AfterWords is a series of community-contributed reflections intended to further the conversations that begin during Parish sermons.
A 3-Minute Read
by Christion Murphy
Jordan put it well: many say “yes” to the words of Christ but “no” to the way of Christ.
It’s a sobering reality. For many the way of Christ requires too much. It forces us to admit we can do nothing for ourselves. We are helpless to save ourselves, despite all the self-help guidance we read and apply. According to Eugene Peterson, that belief in our own self-reliance and self-sovereignty must be “exorcised” from our imaginations. Peterson later in Christ Plays in Ten Thousand Places will point to the Eucharist. At the eucharistic table, he reminds us, we proclaim the Lord’s death and remember that the way of Christ is embodied in the “receiving” (taking), “blessing,” “breaking” and “giving” that we participate in each Sunday. To say “yes” to that way is to offer all we have to Jesus as a living sacrifice, meager though it may be. It is to affirm that we are utterly dependent on Christ.
The way of Christ also requires dying to self and that death always includes suffering. Like Christ’s own body broken for us, we must also be broken. Peterson continues: “It is impossible to understand our participation in salvation as a life of untroubled serenity, a life apart from suffering, a life protected from disruption, a charmed life, a life exempt from pain and humiliation and rejection.” As terrifying as that may sound, the breaking is never for its own sake, and we are never crushed. No, the breaking is necessary to remove the hardness, as Christ infuses our suffering with meaning and purpose.
James says, “Count it all joy, my brothers, when you meet trials of various kinds, for you know that the testing of your faith produces steadfastness. And let steadfastness have its full effect, that you may be perfect and complete, lacking in nothing” (James 1:2-4). Suffering’s “full effect” makes us complete so that we can be just the right seasoning in people’s lives, salt that enhances rather than offends, and a light that leads to Christ. The way of Jesus is counterintuitive to all we are taught. The world says that we should use our energy and resources to protect ourselves from suffering, take charge, fight! But when we say “yes” to our own dying of self, we allow God to do his reshaping work in our lives. We choose the only path that brings transformation.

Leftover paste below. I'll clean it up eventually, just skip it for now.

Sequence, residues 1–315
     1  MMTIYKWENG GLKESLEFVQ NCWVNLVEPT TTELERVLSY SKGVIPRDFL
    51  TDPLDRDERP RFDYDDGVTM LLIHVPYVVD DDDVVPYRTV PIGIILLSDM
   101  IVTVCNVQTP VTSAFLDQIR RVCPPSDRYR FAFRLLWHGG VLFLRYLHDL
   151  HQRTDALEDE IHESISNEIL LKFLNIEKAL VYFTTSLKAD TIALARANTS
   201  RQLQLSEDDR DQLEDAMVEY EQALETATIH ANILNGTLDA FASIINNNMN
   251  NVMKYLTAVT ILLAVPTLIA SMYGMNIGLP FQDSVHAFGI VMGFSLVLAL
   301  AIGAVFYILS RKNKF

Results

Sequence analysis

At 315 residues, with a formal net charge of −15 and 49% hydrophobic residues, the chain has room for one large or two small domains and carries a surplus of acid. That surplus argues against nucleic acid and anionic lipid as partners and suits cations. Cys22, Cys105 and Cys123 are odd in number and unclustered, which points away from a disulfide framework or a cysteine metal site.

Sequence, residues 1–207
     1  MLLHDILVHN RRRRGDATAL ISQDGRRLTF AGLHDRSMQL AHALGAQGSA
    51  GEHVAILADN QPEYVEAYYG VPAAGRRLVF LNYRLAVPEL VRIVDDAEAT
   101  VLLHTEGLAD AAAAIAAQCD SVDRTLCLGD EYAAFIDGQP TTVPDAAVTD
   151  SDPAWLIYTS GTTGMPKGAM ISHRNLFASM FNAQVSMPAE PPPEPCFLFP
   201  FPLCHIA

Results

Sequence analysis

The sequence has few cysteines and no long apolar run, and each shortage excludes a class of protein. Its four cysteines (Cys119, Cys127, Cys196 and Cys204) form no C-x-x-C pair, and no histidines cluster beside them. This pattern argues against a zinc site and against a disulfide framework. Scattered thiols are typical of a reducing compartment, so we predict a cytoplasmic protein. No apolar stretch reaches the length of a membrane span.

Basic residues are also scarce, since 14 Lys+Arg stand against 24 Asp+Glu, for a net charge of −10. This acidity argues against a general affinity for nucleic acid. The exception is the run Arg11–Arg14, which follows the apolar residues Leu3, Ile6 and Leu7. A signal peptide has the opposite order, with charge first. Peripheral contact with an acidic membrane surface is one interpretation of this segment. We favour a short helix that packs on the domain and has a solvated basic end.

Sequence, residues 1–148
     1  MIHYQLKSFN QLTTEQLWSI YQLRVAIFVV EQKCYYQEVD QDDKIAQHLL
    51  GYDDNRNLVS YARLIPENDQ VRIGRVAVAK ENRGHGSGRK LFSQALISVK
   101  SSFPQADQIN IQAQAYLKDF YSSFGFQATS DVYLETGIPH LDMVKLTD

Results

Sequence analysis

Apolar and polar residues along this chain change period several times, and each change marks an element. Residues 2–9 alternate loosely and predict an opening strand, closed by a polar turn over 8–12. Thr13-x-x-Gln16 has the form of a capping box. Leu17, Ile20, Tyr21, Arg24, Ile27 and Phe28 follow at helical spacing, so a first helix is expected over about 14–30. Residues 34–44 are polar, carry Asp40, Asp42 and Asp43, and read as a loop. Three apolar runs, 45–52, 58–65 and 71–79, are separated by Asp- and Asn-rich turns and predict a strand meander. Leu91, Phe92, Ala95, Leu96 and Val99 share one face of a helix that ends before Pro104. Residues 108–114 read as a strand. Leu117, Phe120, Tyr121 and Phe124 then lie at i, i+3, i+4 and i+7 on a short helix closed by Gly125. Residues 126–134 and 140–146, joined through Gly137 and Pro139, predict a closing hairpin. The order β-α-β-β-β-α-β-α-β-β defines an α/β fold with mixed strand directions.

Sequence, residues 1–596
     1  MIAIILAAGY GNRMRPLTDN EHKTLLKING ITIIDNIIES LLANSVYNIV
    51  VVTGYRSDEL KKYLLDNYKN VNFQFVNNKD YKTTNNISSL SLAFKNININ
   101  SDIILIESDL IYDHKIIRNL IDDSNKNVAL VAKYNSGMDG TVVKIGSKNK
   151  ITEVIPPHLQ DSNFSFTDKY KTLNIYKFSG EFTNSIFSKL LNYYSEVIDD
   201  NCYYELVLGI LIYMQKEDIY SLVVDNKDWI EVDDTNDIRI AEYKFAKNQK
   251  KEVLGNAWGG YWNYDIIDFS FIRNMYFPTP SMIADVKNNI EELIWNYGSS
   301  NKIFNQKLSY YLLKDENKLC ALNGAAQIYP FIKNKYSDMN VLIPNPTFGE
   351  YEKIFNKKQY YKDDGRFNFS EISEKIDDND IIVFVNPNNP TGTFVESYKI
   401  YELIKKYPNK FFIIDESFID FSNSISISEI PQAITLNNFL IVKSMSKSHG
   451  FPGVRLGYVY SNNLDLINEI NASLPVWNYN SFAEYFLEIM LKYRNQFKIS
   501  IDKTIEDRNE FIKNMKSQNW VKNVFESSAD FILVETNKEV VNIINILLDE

In one of my favorite liturgies, the leader asks respondents how they would practice loving the Lord with all their heart, soul, and mind. Their answer is to pledge their love, continual remembrance, service to others and their vocations, to offer their lives to others, to choose to be “wounded rather than wound.”
Then the leader asks: “Do you now possess the needed strength to perfectly accomplish such holy requirements?”
And they respond:
“We do not. We are weak and inconsistent, and often buffeted by fear and pride and selfishness. But being impoverished and ill-equipped as we are, we will look to the grace of God and to the sanctifying work of the Spirit to accomplish his purposes in and through us this day, as we in grateful response, seek to choose that which pleases him. We open our hearts anew…that the love of the Father and the life of Christ and the breath of the Spirit would quicken within us a greater affection for your ways.
Work your will in us, Lord Christ.”
–“Liturgy of the Hours: Daybreak,” Every Moment Holy, Vol 1.
May that be our own affirmation this week as we moment by moment and day by day say “yes” to the way of Christ.